Internet Seen as Positive Influence on Education—But Not Morality—in Poll
By Guest Blogger Jacob Bell
People in emerging and developing nations view the Internet as a good influence on education more than on other aspects of society, according to a Pew Research Center report released last week.
The global report looked at data collected between March and June of 2014. The data was from more than 36,000 face-to-face interviews with adults in 32 non-highly industrialized countries. In the interviews, surveyors asked people about how they used the Internet, their opinion about the Internet's impact on society, and their access to cellphones, smartphones, and computers.
The results showed a median of 64 percent of those surveyed said the Internet had positive effects on education.
The report also found that gathering information was the second most-common Internet activity among Internet users, with a median of 54 percent and 46 percent, respectively, saying they get political news and health information from the Web. Though many Internet users sought online information, just 13 percent—the lowest of any Internet usage category—took an online class.
The majority of people polled said the Internet positively affected other things as well, such as the economy and personal relationships. Its effect on morality, however, was largely seen as negative. In fact, a median of 42 percent said it had a bad influence on morality, compared to 29 percent who said it had a good influence.
The report was able to identify trends in Internet use and access across the countries surveyed. Men, for example, used the Internet to get news and information more than women. Younger adults—those ages 18 to 34—and educated people were also more likely to view the Internet as a positive influence on society as a whole.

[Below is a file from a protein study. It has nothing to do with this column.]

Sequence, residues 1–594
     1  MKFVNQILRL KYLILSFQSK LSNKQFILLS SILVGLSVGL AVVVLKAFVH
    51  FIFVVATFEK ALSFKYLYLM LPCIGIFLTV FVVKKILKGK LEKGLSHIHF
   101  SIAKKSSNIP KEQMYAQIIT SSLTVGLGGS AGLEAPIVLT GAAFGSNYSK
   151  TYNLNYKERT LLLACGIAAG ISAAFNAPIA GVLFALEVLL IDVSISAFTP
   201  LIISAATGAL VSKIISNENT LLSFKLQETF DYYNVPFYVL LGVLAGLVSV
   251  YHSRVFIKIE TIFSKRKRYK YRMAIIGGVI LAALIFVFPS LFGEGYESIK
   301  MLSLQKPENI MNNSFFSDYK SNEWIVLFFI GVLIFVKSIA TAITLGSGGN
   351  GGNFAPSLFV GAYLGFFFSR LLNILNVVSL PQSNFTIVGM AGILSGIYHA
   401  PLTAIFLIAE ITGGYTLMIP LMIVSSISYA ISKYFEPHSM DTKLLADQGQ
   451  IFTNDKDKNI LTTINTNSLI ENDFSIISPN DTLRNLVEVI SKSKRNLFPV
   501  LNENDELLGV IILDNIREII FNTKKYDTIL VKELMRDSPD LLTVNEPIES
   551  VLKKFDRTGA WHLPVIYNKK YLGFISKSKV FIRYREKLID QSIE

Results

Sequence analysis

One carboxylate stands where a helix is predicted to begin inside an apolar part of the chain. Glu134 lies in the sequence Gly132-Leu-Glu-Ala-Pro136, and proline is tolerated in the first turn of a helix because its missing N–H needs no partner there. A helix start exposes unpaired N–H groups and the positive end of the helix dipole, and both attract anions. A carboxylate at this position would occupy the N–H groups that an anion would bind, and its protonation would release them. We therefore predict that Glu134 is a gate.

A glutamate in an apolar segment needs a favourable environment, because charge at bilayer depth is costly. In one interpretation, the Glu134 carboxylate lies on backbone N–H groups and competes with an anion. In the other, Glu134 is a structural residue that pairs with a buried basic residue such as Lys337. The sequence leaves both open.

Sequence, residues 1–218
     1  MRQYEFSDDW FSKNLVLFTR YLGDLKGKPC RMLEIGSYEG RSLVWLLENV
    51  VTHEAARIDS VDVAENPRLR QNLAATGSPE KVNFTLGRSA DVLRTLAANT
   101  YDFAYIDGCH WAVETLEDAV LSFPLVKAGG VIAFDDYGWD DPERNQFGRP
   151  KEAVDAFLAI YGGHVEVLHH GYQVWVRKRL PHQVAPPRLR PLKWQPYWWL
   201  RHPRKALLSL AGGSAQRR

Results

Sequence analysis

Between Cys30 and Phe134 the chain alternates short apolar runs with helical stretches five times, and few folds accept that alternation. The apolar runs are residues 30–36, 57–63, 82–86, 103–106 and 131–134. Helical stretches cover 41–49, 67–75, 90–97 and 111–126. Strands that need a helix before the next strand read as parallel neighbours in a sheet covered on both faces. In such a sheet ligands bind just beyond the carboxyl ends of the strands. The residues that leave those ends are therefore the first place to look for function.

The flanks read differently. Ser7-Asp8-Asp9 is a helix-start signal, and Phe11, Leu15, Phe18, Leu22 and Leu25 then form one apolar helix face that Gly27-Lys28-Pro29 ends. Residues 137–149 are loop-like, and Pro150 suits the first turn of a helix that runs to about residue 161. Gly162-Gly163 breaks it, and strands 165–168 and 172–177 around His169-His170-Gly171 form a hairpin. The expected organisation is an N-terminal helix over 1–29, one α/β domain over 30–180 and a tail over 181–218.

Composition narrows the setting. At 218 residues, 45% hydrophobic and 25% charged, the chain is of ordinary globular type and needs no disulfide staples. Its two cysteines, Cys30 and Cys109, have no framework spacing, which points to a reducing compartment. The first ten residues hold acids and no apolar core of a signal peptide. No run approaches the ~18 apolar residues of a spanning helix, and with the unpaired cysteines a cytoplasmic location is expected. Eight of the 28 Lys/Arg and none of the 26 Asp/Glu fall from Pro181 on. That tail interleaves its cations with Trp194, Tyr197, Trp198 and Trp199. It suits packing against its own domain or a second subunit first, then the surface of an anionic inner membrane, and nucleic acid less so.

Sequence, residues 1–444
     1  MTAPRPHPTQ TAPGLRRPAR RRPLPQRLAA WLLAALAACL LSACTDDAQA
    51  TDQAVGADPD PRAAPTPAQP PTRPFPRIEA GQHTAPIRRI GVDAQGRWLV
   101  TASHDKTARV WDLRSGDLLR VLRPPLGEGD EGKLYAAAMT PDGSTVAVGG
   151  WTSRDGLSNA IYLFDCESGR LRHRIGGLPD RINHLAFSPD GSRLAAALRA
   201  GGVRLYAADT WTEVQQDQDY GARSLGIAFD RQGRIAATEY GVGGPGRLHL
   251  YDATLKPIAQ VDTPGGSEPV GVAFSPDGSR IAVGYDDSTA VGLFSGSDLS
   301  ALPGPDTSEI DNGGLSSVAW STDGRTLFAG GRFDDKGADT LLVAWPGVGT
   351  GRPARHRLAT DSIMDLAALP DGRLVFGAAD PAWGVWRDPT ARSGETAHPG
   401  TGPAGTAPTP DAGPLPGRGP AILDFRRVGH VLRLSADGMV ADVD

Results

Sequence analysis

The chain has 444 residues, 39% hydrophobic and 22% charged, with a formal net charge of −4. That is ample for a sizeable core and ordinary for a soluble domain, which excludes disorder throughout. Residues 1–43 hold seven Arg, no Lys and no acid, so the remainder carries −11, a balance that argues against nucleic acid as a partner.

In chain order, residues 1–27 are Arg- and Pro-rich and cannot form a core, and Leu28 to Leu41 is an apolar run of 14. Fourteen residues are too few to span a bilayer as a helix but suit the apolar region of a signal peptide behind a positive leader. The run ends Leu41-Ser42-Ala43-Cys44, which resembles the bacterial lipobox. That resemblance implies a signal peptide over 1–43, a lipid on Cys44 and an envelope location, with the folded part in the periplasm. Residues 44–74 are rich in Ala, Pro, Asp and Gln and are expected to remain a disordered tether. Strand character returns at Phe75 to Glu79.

In terms of technology, a median of 84 percent of adults surveyed owned a cellphone and an increasing number were gaining access to smartphones. Landline use, in contrast, was almost non-existent in many countries, especially those in Africa and Asia.
While many of these trends pertain to people already using the Internet, the report acknowledges that Internet use and access varies greatly among emerging and developing nations.
A median of 44 percent of those surveyed said they use the Internet at least occasionally, though wealthier nations with higher gross domestic product per capita like Russia and Chile were found to have a greater percentage of people accessing the Internet.
Pew researchers also surveyed people in the United States between March and April 2014 as a means for comparing results from the emerging and developing countries. The United States showed overall higher levels of Internet access, with 87 percent of U.S. adults reporting that they use the Internet.